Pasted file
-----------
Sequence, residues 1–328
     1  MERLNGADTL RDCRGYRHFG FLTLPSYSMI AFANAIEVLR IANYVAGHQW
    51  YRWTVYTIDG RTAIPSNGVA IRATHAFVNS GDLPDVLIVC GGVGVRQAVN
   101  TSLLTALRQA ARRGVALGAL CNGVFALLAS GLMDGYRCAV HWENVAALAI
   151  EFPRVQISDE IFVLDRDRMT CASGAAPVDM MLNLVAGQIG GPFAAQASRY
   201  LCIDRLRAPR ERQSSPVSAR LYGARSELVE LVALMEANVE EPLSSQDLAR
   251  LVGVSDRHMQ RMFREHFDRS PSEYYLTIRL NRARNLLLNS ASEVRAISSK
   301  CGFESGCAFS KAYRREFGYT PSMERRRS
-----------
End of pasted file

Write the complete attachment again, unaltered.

Sequence, residues 1–328
     1  MERLNGADTL RDCRGYRHFG FLTLPSYSMI AFANAIEVLR IANYVAGHQW
    51  YRWTVYTIDG RTAIPSNGVA IRATHAFVNS GDLPDVLIVC GGVGVRQAVN
   101  TSLLTALRQA ARRGVALGAL CNGVFALLAS GLMDGYRCAV HWENVAALAI
   151  EFPRVQISDE IFVLDRDRMT CASGAAPVDM MLNLVAGQIG GPFAAQASRY
   201  LCIDRLRAPR ERQSSPVSAR LYGARSELVE LVALMEANVE EPLSSQDLAR
   251  LVGVSDRHMQ RMFREHFDRS PSEYYLTIRL NRARNLLLNS ASEVRAISSK
   301  CGFESGCAFS KAYRREFGYT PSMERRRS